The CSS Friendly Control Adapters 1.0 override the default HTML generated by the ASP.NET Web controls to provide a more standards-based approach to presentation via CSS. I will show you how to use the Menu control in your ASP.NET applications. I begin with an examination of setting up the environment for using the CSS Friendly Control Adapters in your applications.
Last week, I outlined two approaches to using the CSS Friendly Control Adapters in your code: downloading the assembly or full source code. This week, I focus on using the full source code. Once you download and install the source code on your system, you should follow these steps to use the features of the CSS Friendly Control Adapters in your application:
- Copy the file named CSSFriendlyAdapters.browser from the App_Browsers folder in the CSS Friendly Control Adapters download to your Web application's App_Browsers folder. This file tells the system to use the control adapters as opposed to the default Web controls. Normally, you wouldn't edit this file since its current settings will work for your Web application, but you can edit it if you need to code for specific browsers. Also, you can remove the browser file to see your site without the CSS Friendly Control Adapters.
- Copy the entire Adapters folder from the App_Code folder in CSS Friendly Control Adapters download to your Web application's App_Code folder.
- Copy the entire CSS folder (including the BrowserSpecific subfolder) in the CSS Friendly Control Adapters download to your Web application. The following markup must be present in your page's <head>. It imports a set of style sheets with rules that are independent of your page's theme. Conditional comments are used to add a special style sheet used only for previous versions of Internet Explorer.
<link runat="server" rel="stylesheet" href="~/CSS/Import.css" type="text/css" id="AdaptersInvariantImportCSS" />
<!—[if lt IE 7]>
<link runat="server" rel="stylesheet" href="~/CSS/BrowserSpecific/IEMenu6.css" type="text/css"><![endif]—>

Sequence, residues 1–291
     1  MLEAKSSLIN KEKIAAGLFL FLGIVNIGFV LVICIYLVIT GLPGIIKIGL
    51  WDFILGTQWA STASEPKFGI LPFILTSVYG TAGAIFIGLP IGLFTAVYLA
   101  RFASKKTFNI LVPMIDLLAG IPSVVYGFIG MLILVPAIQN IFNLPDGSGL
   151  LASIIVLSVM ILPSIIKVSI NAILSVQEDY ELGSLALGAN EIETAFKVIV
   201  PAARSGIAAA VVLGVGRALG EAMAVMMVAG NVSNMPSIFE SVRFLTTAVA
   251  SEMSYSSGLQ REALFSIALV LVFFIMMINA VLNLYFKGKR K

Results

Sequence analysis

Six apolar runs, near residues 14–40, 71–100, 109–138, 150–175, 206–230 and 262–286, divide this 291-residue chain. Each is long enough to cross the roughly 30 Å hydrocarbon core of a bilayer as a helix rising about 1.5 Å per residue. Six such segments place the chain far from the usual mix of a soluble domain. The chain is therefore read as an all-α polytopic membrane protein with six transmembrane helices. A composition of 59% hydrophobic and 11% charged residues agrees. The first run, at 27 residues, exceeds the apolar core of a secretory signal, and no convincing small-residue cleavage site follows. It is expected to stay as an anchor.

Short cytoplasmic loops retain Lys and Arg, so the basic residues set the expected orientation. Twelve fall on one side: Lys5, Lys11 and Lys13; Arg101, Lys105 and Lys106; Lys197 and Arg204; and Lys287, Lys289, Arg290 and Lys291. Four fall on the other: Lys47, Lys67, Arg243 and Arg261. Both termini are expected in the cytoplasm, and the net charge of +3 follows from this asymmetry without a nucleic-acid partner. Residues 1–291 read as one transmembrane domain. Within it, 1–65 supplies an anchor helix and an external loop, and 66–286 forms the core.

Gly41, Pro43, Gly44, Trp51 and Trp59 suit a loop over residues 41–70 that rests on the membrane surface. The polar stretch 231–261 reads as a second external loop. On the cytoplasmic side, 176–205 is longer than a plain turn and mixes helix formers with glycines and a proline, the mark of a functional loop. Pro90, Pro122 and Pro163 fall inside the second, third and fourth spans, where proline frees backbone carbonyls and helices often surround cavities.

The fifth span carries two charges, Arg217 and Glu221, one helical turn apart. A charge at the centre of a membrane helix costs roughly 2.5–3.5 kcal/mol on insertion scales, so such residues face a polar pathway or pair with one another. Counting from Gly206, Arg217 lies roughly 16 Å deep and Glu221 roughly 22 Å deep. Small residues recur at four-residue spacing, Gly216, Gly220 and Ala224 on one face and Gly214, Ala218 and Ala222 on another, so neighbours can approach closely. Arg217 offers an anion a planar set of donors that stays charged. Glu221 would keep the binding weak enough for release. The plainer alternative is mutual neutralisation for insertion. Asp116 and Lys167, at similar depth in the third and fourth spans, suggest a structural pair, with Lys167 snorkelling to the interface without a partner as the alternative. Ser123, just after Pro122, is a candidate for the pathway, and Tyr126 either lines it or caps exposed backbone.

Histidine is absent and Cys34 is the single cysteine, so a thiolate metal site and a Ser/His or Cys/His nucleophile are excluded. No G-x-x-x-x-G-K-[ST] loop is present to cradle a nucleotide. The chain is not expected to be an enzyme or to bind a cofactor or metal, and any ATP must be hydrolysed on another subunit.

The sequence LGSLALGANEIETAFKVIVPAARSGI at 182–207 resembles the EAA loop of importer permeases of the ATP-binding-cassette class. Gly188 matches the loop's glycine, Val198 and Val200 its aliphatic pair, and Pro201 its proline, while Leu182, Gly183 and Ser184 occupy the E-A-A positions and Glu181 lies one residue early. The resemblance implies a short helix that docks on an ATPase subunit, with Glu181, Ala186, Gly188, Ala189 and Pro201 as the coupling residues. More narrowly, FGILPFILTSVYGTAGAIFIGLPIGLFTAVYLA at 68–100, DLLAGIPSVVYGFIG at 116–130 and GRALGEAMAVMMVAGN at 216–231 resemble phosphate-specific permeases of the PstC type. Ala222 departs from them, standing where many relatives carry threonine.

- The sample application included with the CSS Friendly Control Adapters download includes a lot of code that you may reuse. For example, you may want to reuse the themes or image files in an application that may be found in the basic theme folder of the sample application.
With the environment set up, let's take a closer look at using some of the available controls within the CSS Friendly Control Adapters download in custom Web applications.
CSS Friendly Control Adapters in action
One of my favorite ASP.NET controls is the Menu control; it allows you to provide a powerful navigational element with minimal code. Now, using the Menu control as delivered via the CSS Friendly Control Adapters download allows you to deliver a navigational interface that takes advantage of a more standardized approach to building Web-based menus.
The base ASP.NET Menu control delivers the menu interface using one or more HTML TABLE elements. Using the CSS Friendly Control Adapters delivers a menu using an HTML unordered list (UL element) and styled via CSS. As an example, the following menu is created using a site map.
<%@ Page Language="C#" %>
<!DOCTYPE html PUBLIC "-//W3C//DTD XHTML 1.0 Transitional//EN" "http://www.w3.org/TR/xhtml1/DTD/xhtml1-transitional.dtd">
<html xmlns="http://www.w3.org/1999/xhtml" >
<link rel="stylesheet" href="~/WalkThru/SimpleMenu.css" mce_href="~/WalkThru/SimpleMenu.css" type="text/css" />